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Englebert, P. (2001). The World Bank and the Unsuspected Virtues of Social Capital. Pomona College Department of Politics, mimeo

Since the middle of the 1990s, the World Bank has made substantial room in its discourse and operations to the theory of social capital, according to which trust among citizens and the prevalence of non-hierarchical social networks favor economic development.  For benign as this theory may appear, its enthusiastic adoption by the Bank nevertheless raises some important issues.  The hurried nature of the Bank’s embrace, at a time when social capital theory is still in its infancy and remains the object of serious controversies both with respect to the very existence of social capital and to its alleged effects, betrays an unusual lack of intellectual rigor.  This shortcoming is further aggravated by the manner of the Bank’s treatment of the theory, which suffers from a tautological bias, a tendency to take its effects for granted, and a possibly self-serving belief that foreign aid can contribute to the formation of social capital.  How are we to explain the Bank’s rapid subscription to the idea of social capital and its rather cavalier treatment of the theory?  This paper, which is an essay rather than a rigorously evidenced empirical piece of work, suggests two hypotheses.  First, social capital theory may provide the Bank with a comfortably apolitical and self-exonerating explanation for the failure of some of its structural adjustment and public sector reform programs, as well as of some projects whose implementation relies on the participation of local populations.  Second, it allows the Bank to expand its fields of intervention to non-economic issues, such as programs of national reconstruction in post-conflict countries, which have become increasingly common since the end of the Cold war, especially among its new member states.  For the Bank, social capital theory may then serve simultaneously, and contradictorily, as an escape from the errors of the past and a stepping-stone for broader involvement in member countries’ policy making.  For developing countries, however, the benefits of the Bank’s love affair with social capital remain uncertain.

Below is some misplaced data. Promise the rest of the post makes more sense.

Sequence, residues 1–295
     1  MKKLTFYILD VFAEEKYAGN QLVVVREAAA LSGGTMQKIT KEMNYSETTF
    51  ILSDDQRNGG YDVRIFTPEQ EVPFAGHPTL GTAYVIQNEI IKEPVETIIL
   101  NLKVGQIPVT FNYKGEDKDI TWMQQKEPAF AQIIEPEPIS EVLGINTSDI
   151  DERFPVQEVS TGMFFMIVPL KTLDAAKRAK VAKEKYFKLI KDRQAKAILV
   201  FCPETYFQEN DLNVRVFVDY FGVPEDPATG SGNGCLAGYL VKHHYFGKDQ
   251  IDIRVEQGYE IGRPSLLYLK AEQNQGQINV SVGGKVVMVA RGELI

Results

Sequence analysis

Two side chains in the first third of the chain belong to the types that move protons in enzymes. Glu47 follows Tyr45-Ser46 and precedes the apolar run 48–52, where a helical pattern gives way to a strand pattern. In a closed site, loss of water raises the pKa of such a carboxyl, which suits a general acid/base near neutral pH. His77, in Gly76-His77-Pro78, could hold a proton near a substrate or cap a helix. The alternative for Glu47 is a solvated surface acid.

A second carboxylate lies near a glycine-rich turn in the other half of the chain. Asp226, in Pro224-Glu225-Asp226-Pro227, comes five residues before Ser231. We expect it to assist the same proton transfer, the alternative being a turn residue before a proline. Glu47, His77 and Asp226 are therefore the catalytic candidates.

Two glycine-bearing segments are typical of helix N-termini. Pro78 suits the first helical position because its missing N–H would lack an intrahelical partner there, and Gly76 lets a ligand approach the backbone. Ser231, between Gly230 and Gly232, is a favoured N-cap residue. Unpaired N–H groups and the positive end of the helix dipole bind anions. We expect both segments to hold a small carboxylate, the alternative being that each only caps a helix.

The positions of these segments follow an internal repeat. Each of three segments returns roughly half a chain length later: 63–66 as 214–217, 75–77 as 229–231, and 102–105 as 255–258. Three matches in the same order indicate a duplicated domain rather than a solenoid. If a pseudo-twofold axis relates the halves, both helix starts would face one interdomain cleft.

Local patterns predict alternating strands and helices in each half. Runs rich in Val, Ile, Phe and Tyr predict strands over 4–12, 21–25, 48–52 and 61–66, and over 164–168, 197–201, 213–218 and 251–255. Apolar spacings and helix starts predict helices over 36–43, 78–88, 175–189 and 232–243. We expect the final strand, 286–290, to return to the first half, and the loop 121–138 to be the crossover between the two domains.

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Englebert, Pierre

Areas of Specialization Sub-Saharan Africa, particularly the Democratic Republic of Congo and other Francophone countries; State formation, state failure and state reconstruction; African democratic experiments; Nationalism and separatism Refereed Articles "Post-Conflict...

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